Each of us has a gift to give. It may be a talent, a bathroom cabinet bursting with hotel toiletries we could donate, our understanding, a cash donation, or it could be our time.
Here in Victoria, we are facing an inconceivable tragedy. It’s so great we may feel helpless. Everyone I speak with wants to help in some practical way.
I’ve heard so many heartwarming stories of people reaching out to help in small and large ways.
There’s the counsellor who has offered help to grief-stricken and shocked victims. There’s the equine vet who is helping injured horses and with stabling. There’s the well-travelled businesswoman who’s donating her vast collection of hotel toiletries. There’s the lone man with his barbecue who went to feed the evacuees, and the butchers who’ve donated the meat. There are those who’ve prayed. There are those who’ve reconnected with old friends and are so grateful for survival.
We can all help. Here are some suggestions…
AAPO (Australasian Association of Professional Organisers) President, Wendy Davie, put out a call to members for help and received an immediate response. Are you a member of an organisation that could help in any way?
One of the AAPO members, Lysa Wheelan, from Presenting Homes, let us know about a warehouse collating relief parcels at Lot 7 Henderson Road, Rowville from 8 -5 every day this week. Phone Andrew on 0409 944 220. Items can also be dropped at Unit 48, 1508 Centre Road, Clayton.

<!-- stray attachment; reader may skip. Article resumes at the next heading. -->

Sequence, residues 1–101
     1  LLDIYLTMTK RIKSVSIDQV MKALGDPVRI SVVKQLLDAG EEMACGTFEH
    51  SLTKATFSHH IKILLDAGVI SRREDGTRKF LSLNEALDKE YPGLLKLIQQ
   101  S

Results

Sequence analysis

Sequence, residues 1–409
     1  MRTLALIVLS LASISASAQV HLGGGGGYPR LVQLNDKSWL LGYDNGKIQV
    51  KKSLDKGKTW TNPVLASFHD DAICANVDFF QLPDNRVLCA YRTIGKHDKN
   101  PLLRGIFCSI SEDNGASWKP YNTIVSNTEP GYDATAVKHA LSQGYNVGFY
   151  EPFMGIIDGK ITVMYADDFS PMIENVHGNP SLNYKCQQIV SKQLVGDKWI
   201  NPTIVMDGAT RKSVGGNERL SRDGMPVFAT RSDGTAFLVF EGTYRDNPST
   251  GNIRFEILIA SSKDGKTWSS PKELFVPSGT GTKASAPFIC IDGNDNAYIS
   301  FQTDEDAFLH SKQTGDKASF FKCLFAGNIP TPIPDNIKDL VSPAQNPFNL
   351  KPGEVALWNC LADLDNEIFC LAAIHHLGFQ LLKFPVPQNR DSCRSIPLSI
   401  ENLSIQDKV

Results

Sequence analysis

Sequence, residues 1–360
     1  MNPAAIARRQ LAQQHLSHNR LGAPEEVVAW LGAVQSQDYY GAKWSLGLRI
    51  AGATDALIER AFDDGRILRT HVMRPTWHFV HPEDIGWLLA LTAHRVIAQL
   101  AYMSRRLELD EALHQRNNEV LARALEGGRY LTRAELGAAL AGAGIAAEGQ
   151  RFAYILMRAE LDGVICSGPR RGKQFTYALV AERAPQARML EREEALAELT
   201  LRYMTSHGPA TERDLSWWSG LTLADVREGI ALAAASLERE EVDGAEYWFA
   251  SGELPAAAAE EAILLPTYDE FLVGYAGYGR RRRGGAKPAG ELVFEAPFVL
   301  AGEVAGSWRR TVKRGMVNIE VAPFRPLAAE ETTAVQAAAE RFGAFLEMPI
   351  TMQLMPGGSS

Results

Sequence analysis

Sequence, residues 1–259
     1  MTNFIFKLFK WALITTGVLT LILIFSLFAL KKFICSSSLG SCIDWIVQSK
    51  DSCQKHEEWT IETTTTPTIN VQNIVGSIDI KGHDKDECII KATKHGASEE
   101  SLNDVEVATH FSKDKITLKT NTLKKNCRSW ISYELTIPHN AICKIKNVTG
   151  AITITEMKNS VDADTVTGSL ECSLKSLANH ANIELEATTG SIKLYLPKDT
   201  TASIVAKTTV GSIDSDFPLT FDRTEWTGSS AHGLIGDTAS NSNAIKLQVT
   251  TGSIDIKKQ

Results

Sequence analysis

Around the country this Friday, February 13th, Coles Supermarkets will donate their profits to the government’s Bushfire Appeal Fund in partnership with the Red Cross.
Take good quality goods to your local Salvation Army store. Check locations here.
Donate to the Victorian Bushfire Appeal online or by phoning 1800 811 700.
Please donate carefully. Sadly, The Australian Competition and Consumer Commission (ACCC) is warning of potential scams as people prepare to donate to the various bushfire appeals. It says people’s generosity was exploited by scammers during the 2003 Canberra bushfires and the Boxing Day tsunami. The ACCC says people should use their common-sense and refrain from sending money or giving details to anyone who is not known and trusted.
And finally, if you know of someone affected by these bushfires, whether they live in affected areas, have become homeless, are helping to put out the fires or are helping the recovery effort, let them know you care. Believe me, your kind words help.